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Thursday, January 17, 2008

REVIEW: Studying Marketing

Another cold, snowy day... Zooey's huddled up in her house, and so am I.

So book reviews!

Actually, the book's called A Very Short, Fairly Interesting and Reasonably Cheap Book About Studying Marketing. The cover design's quite nice, all handwritten as though on graph paper. It's clearly aimed at college students-- which I am not-- but as Jim Blythe writes in the Introduction:

my two marketing lecturers ensured that I had no formal knowledge of marketing, so like a road sweeper I have picked it up as I went along, and consequently I learned it for fun. I recommend you to do the same.
I'm trying!

Now, understand what I didn't. This is not a how-to book, but a book talking about the roots of marketing and how it's studied (oh no!) in school. On that note, you may wish to skip to "How This Book Realigned my Chakras" below. It fits well in the first weeks of an Intro to Marketing course, or for someone studying political & economic history.

But it is interesting, if you have a head for names and ideas. It opens with Adam Smith and Malthus and takes us through psychology & sociology to end up with this weird mongrel subject, marketing. Personally, I always wondered at people who studied marketing in school. It's not terribly interesting as a book subject and I have since watched a couple of friends without the degree achieve success in the field. It is not, after all, mechanical engineering or Russian. You can fake it. Or just learn by doing.

Blythe's version of events puts marketing's birth with the idea that "the route to success is to consider the customer's needs." Then he traces the discipline, as it borrowed ideas from other more stable subjects, on its shambling march to respectability. Now that it has its own journals & theorists, he claims, marketers don't need to know much of anything. Ouch.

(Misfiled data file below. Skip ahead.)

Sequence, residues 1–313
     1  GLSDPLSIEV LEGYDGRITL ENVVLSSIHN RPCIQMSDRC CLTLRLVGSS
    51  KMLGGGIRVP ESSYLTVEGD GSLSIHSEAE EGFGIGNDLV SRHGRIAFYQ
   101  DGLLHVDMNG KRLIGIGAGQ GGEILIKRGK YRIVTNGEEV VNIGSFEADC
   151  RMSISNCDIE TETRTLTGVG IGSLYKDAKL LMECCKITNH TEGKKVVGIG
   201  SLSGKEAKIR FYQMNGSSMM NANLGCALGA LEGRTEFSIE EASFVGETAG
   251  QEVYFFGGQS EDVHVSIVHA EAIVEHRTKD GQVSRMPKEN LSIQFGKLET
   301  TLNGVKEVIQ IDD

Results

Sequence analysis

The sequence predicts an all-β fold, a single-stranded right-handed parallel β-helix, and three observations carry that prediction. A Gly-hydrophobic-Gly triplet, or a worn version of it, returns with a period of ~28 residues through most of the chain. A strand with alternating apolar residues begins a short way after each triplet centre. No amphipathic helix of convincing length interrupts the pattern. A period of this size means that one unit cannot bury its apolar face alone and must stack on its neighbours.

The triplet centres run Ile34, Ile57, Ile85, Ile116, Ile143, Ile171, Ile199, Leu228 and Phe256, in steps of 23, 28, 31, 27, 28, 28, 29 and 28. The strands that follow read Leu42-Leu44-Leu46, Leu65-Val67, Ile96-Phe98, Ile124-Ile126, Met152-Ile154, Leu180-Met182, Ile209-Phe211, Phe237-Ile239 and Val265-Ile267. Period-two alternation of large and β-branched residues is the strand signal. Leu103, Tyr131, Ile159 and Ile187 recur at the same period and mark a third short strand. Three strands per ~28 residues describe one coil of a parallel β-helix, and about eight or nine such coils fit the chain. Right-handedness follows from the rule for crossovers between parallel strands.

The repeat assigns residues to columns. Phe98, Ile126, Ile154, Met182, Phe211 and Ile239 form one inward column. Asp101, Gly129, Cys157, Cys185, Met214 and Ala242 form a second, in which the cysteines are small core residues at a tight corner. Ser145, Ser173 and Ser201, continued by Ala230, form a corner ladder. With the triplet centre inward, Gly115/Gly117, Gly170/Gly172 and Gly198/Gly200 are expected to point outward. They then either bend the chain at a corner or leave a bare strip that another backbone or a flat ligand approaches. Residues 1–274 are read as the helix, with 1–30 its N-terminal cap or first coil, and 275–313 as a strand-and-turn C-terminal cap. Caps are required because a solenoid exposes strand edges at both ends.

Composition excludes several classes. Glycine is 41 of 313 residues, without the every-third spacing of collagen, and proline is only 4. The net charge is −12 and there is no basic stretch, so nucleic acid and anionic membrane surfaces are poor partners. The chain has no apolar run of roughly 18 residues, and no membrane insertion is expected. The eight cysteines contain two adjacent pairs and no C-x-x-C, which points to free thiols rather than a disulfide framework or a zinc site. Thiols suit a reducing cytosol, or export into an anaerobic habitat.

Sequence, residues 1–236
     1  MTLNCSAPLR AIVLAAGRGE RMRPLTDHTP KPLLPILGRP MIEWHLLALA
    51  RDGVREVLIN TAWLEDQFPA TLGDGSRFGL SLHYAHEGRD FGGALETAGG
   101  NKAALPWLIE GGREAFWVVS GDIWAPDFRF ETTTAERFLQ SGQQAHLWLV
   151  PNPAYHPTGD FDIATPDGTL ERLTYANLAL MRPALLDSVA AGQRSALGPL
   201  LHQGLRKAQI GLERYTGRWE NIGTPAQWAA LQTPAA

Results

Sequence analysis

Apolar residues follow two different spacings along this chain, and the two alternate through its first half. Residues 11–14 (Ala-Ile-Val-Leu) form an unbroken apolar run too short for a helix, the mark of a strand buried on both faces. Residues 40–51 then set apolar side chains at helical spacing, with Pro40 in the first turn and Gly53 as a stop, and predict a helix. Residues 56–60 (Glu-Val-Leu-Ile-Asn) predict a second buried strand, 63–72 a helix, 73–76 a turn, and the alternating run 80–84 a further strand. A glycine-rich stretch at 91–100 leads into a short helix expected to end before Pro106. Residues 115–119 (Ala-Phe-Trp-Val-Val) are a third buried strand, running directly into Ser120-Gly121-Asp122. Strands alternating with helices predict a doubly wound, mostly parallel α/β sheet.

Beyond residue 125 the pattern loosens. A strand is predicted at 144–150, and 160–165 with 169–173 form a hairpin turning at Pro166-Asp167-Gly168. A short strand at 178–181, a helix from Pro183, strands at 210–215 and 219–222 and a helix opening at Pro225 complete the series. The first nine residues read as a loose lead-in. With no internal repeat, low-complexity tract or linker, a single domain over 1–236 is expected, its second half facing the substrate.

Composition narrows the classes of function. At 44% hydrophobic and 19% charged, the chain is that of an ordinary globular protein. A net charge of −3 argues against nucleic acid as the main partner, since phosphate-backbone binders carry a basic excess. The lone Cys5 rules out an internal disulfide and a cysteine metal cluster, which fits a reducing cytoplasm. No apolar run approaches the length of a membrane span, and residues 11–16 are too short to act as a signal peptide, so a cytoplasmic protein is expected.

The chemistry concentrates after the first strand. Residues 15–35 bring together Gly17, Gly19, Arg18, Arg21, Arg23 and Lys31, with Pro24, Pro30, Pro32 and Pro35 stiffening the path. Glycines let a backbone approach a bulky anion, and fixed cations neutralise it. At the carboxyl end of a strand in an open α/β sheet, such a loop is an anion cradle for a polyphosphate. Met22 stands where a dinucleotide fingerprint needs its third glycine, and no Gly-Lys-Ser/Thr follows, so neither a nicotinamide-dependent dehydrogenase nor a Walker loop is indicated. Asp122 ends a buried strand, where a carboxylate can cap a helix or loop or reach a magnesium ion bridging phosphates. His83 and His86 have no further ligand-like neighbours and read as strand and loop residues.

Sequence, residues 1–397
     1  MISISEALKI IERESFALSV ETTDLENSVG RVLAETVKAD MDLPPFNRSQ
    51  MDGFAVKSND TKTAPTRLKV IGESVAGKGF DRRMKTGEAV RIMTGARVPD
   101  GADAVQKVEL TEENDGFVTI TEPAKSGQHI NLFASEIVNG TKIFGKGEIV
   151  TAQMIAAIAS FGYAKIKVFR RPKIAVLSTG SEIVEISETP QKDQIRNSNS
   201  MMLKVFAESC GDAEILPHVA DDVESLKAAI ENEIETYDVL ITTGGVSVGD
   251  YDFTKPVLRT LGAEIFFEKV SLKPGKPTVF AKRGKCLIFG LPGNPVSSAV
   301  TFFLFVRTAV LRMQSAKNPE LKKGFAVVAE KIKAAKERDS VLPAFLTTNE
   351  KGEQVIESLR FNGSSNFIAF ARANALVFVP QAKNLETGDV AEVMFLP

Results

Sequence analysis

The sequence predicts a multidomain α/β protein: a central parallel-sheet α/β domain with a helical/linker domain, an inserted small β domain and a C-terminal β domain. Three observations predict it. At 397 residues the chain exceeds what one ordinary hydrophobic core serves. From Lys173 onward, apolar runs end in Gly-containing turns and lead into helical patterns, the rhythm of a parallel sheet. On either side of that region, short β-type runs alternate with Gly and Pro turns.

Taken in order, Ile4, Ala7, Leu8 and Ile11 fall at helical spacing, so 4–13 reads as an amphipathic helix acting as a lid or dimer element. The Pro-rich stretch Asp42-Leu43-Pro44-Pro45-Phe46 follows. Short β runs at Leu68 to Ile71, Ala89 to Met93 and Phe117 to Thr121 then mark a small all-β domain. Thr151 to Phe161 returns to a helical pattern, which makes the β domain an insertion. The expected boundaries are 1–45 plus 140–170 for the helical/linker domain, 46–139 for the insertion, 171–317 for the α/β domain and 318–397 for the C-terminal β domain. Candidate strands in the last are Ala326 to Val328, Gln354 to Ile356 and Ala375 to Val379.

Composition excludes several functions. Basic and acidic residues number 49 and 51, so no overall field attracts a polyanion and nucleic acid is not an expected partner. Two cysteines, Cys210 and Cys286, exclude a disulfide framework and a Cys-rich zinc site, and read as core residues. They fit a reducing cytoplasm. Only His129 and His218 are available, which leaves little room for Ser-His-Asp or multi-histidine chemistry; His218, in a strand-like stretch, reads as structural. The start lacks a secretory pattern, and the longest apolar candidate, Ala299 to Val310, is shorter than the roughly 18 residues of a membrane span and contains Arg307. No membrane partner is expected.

Then he gives a whirlwind tour of everything you need to know in marketing. He summarizes the gurus-- Levitt, Drucker, Brown, D'Aveni, Kotler. He gives some hints to the jargon and even a nice little primer on postmodernism (Hyperreality! Fragmentation! Acceptance of Disorder and C H A O S!). Finally, he covers why marketing is-- and isn't-- a real subject to study. Mainly that it's young. And that people hate marketers.

Now, I kind of feel a day behind in my efforts to Brand, Monetize, Capitalize, and Value-Add my cat. But I'm not so sure time was wasted. This is, after all, an agreeable book, with tons of places to look for more info. Most marketing texts don't even touch on Andy Warhol and peanuts, and I am now in much better shape when it comes to reading marketing books. They rely so heavily on jargon-- in books that are supposed to be pragmatic!-- that I'm thankful to have had a pleasant guide to the ideas behind them.

How This Book Realigned My Chakras for Better and Worse
  • I learned something while being entertained
  • I stopped feeling inadequate next to not only Madison Avenue, but Madison, Dane's little girl next door, who always sits out on her porch and puffs up obnoxious Mr. MacMuffin's fluffy, noxious coat
  • I did no actual marketing
  • (it's actually cheap only only for a textbook)
  • I'm still not entirely sure how to do it
  • Hmmm.
  • Oh, we're out of milk, too.